An Inventory of the Historical Monuments in Dorset, Volume 5, East. Originally published by Her Majesty's Stationery Office, London, 1975.
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3 COLEHILL (0201)
The parish of Colehill, covering 2,400 acres, was formed out of Wimborne and Hampreston in 1894. The low-lying N.W. part of the area, on London Clay, is drained by tributaries of the R. Allen, which forms the W. boundary. The larger E. part, where there are many modern houses, is on Bagshot Sands and Gravels and rises to 200 ft. above O.D. on a pronounced E.-W. ridge. The S. part occupies a terrace of the R. Stour.
(1) Wilksworth Farm (00740190), house, in the N.W. of the parish, appears to date from c. 1500, but it was much altered in the 17th and 18th centuries. The building, originally of rubble with squared rubble quoins, has been extensively refaced in brickwork.
The S. front has four gabled bays, all different in size, with segmental-headed 18th-century windows and a doorway, irregularly disposed. The wall on the W. of the doorway is of rubble; elsewhere it is brick-faced. Incorporated in the E. end of the S. range is a large rubble chimneybreast with heavy quoins. The other elevations display no noteworthy features.
Inside, the ground-floor rooms have deeply chamfered beams of c. 1600, and fireplace-surrounds and panelling of c. 1700. The stairs, with square newel posts, turned balusters and moulded handrails, are of c. 1700. In the attic, 12 ft. from the W. wall, the original S. range, some 17 ft. wide, is spanned by a chamfered arch-braced collar-beam roof truss of c. 1500. Although this truss is the only part to survive, the original roof is likely to have extended from the W. to the E. end of the range. The chamfered arch-brace suggests that the W. part of the range was formerly an open-roofed hall. The large E. chimneybreast presumably served the kitchen, which probably had a chamber above it. In c. 1600 a two-storeyed wing was built at right-angles to the original range and extending 12 ft. N.; the roof of the wing was carried through to terminate at a gable in the S. front, its ridge thus crossing that of the original roof. The central chimney-stack, standing within the former hall and on the W. of the cross-wing, is likely also to be of c. 1600.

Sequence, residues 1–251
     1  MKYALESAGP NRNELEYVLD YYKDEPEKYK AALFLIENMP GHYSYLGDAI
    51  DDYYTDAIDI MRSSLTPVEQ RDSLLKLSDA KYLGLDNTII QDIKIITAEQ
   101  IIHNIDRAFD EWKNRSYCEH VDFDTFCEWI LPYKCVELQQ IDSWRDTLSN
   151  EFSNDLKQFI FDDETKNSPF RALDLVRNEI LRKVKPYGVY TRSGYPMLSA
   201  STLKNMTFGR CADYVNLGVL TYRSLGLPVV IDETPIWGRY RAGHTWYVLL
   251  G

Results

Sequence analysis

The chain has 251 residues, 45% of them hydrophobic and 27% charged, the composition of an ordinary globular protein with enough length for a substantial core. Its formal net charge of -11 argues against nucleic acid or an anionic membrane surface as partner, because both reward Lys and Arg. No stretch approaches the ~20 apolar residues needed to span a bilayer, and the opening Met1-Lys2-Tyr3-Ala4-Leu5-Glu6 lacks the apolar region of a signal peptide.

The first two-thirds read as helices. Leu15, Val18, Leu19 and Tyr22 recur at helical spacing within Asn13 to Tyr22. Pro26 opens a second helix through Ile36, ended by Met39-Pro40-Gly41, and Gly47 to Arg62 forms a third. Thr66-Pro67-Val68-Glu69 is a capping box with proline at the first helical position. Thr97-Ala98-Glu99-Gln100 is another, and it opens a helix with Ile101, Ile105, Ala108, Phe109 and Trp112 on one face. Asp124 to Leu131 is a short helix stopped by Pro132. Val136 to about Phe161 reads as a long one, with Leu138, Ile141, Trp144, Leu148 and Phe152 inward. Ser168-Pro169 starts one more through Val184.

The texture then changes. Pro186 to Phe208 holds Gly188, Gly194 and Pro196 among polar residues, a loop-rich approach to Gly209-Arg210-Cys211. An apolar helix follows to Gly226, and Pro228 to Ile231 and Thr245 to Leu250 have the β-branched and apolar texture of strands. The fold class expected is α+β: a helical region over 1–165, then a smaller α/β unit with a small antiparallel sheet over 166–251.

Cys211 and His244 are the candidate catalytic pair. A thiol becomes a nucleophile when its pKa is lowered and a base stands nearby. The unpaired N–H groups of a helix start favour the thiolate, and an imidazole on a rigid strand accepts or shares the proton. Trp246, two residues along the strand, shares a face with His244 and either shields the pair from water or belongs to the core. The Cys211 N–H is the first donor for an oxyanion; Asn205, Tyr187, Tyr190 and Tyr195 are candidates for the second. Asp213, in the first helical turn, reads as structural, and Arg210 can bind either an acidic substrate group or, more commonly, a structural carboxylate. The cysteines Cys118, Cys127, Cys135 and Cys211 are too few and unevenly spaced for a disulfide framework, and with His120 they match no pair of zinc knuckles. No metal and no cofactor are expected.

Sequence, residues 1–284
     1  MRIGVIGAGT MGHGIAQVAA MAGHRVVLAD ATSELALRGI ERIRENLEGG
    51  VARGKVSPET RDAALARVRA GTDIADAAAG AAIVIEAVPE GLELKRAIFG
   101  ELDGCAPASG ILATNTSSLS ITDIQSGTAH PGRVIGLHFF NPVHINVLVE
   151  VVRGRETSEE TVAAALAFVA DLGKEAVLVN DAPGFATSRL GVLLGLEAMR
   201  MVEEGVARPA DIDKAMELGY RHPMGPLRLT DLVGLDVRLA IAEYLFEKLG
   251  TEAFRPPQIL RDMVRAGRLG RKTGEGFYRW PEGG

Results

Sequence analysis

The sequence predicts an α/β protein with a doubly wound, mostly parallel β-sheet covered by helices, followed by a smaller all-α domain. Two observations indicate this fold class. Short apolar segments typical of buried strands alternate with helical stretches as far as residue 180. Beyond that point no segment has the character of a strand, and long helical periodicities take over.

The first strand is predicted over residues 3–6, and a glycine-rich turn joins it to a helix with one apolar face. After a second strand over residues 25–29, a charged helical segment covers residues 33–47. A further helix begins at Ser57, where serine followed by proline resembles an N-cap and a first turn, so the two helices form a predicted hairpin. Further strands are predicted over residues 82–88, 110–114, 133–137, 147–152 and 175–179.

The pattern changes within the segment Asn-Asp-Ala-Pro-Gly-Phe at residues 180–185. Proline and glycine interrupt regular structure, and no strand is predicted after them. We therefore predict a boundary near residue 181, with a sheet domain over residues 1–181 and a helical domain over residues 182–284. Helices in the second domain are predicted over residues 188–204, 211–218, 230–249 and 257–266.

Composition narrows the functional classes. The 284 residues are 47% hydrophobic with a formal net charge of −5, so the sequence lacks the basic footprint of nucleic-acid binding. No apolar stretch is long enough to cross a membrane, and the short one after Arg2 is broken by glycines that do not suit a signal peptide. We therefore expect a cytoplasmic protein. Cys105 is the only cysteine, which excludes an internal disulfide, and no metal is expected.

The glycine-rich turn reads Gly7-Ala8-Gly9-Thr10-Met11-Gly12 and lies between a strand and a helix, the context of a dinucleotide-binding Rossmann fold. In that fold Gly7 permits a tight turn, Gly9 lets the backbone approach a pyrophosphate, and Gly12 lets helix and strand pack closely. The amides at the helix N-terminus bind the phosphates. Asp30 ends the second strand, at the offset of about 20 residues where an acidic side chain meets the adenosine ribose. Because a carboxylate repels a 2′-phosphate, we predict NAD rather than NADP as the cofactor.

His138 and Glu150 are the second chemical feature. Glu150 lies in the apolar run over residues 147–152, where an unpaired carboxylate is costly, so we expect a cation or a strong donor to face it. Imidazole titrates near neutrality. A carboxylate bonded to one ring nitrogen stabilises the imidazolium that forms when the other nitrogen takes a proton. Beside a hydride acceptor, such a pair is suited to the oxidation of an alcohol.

(2) Leigh House (03139998), mainly of three storeys, with rendered walls and slate-covered roofs, is of the early 19th century. The S. front is symmetrical and of three bays, with a central doorway and large sashed windows; the central first-floor window is round-headed. A two-storeyed service wing on the N. has brick walls and a tiled roof and probably is of 18th-century origin.
(3) Cottage (00980252), of one storey with attics, with brick walls and tiled roofs, is of the early 19th century and appears to have been built as a lodge at the entrance to the High Hall estate (Pamphill (7)). The windows have triangular heads and the barge-boards are elaborately cusped (Plate 31).
(4) Bell (02320110), on the summit of Barrow Firs, a gravel hill about 240 ft. above O.D., comprises a mound 44 ft. in diam. and 5½ ft. high. A berm 10 ft. wide is surrounded by a ditch 10 ft. wide and 1 ft. deep.